Companies with co-CEOs see either long-lasting success or unceremonious failure. And the latest company to try the model out is WeWork, as cofounder Adam Neumann announced he would step down from the role on Tuesday.
WeWork's new co-CEOs, Artie Minson and Sebastian Gunningham, will face plenty of challenges as they work to stabilize the startup as it heads toward a public offering — chief among them the hurdles specific to power-sharing arrangements. While companies across industries have relied on CEO pairings to guide massive ventures, the track record on this practice is mixed at best.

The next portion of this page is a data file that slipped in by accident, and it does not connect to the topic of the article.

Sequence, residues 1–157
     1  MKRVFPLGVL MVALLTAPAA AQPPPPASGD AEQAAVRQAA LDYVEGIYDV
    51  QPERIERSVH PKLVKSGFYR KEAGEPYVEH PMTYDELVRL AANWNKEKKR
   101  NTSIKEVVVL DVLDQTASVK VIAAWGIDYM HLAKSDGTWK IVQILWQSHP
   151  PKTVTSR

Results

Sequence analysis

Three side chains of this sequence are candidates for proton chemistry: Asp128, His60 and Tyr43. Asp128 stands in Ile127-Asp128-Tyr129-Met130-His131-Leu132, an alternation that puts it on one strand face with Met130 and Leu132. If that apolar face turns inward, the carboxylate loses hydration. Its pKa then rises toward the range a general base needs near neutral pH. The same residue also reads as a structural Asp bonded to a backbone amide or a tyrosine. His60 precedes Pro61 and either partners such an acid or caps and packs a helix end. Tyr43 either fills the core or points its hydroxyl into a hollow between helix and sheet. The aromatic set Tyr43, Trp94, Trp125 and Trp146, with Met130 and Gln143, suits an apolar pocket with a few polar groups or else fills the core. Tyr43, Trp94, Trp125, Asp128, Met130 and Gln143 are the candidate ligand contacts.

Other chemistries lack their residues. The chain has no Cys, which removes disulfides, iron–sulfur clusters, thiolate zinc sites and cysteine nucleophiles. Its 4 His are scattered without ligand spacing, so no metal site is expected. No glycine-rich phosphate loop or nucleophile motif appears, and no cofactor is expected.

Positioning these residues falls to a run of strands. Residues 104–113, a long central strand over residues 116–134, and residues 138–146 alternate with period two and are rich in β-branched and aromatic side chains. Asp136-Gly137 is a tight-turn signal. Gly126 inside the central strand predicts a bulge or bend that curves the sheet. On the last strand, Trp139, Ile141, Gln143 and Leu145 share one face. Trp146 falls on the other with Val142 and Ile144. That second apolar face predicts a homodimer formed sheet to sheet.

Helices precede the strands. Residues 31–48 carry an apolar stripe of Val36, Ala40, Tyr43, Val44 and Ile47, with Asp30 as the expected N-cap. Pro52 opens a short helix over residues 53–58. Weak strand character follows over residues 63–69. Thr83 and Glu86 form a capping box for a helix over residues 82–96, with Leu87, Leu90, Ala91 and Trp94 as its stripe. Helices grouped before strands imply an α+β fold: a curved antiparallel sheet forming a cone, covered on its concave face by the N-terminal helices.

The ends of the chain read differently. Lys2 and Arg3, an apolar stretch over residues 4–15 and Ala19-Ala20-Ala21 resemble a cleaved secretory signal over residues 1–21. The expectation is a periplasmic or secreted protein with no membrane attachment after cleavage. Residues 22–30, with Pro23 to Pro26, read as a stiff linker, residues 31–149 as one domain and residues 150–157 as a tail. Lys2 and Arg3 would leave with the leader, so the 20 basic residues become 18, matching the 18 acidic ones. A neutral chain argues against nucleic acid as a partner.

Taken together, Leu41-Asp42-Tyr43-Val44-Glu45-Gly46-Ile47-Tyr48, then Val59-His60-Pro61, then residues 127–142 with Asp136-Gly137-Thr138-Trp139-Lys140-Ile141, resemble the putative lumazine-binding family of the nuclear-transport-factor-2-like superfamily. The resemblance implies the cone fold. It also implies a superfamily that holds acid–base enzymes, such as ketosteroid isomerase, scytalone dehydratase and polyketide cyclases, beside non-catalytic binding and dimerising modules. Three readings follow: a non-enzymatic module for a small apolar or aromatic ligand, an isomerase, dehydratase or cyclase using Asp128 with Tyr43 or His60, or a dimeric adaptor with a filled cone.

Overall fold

Companies with co-CEOs have sometimes struggled over extended periods to refine their strategy and establish clear lines of power, say those who study executive structures.
While it's been said that the co-CEO strategy is dead, several companies, like eyeglasses-darling Warby Parker and investment firm KKR demonstrate otherwise. Companies like Deutsche Bank and BlackBerry-maker Research in Motion, however, have both had co-CEOs step down simultaneously.
Here are six co-CEOs who found the perfect balance and led their companies to success, and six who couldn't play nice and ended up off the job.